Port of Call: Brittany’s Brest

The Tanguy Tower. On the opposite side of the river Penfeld: the Castle of Brest

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The end can sometimes be a good place to start. This is perhaps not least true in the case of Brest. Situated in the westernmost part of the Bretagne (Brittany) region, the city is located in a landscape that is known under the name Finis Terre in Latin. “The end of the world” – that was how the Romans chose to describe the area.

If you disembark from a cruise ship in Brest, you might choose to see it the other way around. And why not? You will find a number of reasons why this is a splendid place to start exploring the Bretagne region – or France itself.

Before you venture out to explore, however, you might want to grab a bite. A regional specialty that is definitely worth trying is crêpes. The classic version, available almost everywhere, is called “La compléte” and contains ham, cheese and egg. There are many other fillings to choose from. Seafood could also be said to be a Bretagne specialty. The Atlantic Ocean is generous both to the locals and their guests.

Even though food is no small matter here, you might find that both Brest and Bretagne have a strong regional culture that goes even deeper than the cuisine. People from the older generation still speak the local language of Brittany, for example. A Celtic language, Breton is also taught in some schools.

One should perhaps not be surprised that this region of the world has developed a strong identity of its own. Over the years, Brittany have been occupied by Celts, Romans, Saxons, Franks and Normans – all of which have brought their influences to the region. In 1532, the Duchy of Brittany became a part of the French Kingdom.

Situated on two hills, Brest has always been linked to the sea. While this has no doubt boosted the regional economy throughout history, the same link has at times also been a drawback for the city’s inhabitants. During the Second World War, for example, this was an important base for German U-boats. The city was ruined in what has become known as the Battle for Brest in 1944, when allied forces wanted to gain control of the port. Nowadays an important harbor, the city boasts the second French military port after Toulon.

This is also the home of several important research centers, many of which focus on the sea. In fact, some sources claim that 60 percent of the French maritime research is based in Brest.

Brest For Cruise Passengers

Cruise ships dock close to the city center, making it possible for passengers to walk to many of the city’s attractions. It might be worth noting, however, that much of Brest is hilly.

Do Not Miss

  • If you’re interested in photography, the Centre Atlantique de la Photographie is something that you should not miss. The center features exhibitions by contemporary photographers, many of which are based in the surrounding region.
  • At the “La Passerelle” Art Centre, you will find a wide range of contemporary art on exhibition.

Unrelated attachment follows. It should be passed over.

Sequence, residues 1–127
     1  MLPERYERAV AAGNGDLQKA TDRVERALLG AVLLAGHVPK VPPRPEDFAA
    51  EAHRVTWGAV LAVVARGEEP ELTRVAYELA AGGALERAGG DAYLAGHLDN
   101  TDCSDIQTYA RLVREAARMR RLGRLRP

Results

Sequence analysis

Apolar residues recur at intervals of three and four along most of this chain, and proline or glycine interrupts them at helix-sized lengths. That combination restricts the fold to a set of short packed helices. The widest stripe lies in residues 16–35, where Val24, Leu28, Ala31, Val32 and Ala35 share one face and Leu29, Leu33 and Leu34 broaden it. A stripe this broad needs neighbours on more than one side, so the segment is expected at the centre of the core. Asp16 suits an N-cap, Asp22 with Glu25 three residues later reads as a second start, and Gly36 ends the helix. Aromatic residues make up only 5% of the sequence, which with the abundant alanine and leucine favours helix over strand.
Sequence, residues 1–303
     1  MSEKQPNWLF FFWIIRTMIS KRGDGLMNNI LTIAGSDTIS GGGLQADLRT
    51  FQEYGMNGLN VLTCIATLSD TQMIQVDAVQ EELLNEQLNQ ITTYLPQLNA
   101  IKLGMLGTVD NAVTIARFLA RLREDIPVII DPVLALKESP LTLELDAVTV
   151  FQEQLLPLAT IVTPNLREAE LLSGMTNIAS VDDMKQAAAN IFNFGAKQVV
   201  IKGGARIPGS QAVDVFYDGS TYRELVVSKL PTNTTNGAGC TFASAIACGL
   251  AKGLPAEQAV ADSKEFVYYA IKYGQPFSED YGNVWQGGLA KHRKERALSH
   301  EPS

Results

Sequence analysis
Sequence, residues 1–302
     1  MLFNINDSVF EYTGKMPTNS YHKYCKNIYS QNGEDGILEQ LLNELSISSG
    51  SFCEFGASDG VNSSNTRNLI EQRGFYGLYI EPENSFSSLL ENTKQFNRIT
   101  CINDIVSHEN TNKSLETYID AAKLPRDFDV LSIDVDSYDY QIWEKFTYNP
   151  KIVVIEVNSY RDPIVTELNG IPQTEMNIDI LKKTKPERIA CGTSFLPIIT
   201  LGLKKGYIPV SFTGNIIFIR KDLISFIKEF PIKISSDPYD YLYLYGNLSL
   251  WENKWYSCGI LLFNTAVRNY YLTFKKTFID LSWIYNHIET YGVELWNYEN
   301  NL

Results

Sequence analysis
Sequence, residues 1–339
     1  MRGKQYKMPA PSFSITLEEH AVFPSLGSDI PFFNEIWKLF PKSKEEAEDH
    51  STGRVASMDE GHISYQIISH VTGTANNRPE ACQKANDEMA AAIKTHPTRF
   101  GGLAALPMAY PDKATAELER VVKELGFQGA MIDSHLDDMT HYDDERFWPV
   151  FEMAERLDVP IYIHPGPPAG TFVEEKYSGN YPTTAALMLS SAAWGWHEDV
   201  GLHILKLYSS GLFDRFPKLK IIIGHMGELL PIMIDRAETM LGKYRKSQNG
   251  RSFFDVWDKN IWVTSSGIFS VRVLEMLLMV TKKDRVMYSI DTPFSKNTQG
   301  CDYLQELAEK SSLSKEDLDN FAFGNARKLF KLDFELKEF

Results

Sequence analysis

• Rue de Saint-Malo is unique: It is a street that was not hit by the bombs that destroyed almost every other building in Brest during the Second World War. Rue de Saint-Malo is situated close to the Penfeld River, which splits Brest in two parts.
  • The Musée national de la Marine (the Maritime Museum) – situated in the Castle of Brest – promises “17 centuries of eventful history.” The museum puts focus not only on local maritime matters but also on national maritime history. The Castle of Brest is quite naturally a monument in itself. It still plays the role as a military fortress and is thus the oldest castle in the world to be still in use.
  • Just across the river Penfeld, from the Castle of Brest, is the Tanguy Tower. While it remains unclear who actually constructed this mediaeval fortification, it is believed that it was built during the Breton War of Succession in the mid-14th century. The most probable reason to erect the tower seems to have been the possibility to control crossings between the two banks of the Penfeld River.
  • Situated close to the Castle (on 24 Rue Traverse), the Museum of Fine Arts has a nice collection of European paintings on display.
  • For a different take on the sea, visit the unique Océanopolis marine discovery park. Situated close to the port area, the Océanopolis features more than 10,000 fish and animals from all over the world.

Shore Excursions

A number of shore excursions can be available in and around Brest. Examples include:

  • Tours of the city, by coach or private car. These tours will typically take in the most well-known sights of Brest (see above under Do Not Miss for examples).
  • At Camaret-sur-Mer, visit the Vauban’s Tower, which is also known as the Tower of Camaret. The defensive tower was built in 1696, nowadays mainly serving the purpose as lookout point. Distance from Brest: 42 miles/67.8 kilometers.
  • Concarneau is a charming town that features not only France’s third-largest fishing port for tuna, but also a fish market worthy of a visit. The landscape that you will encounter during the drive to and from Cancarneau is worth experiencing. Distance from Brest: 57 miles/92.2 kilometers

Getting Further

Paris, France’s capital, is some 367 miles/590 kilometers away. Several trains with destination Paris depart from Brest every day.

Avid Cruiser Posts, Photographs and Videos Featuring Brest.

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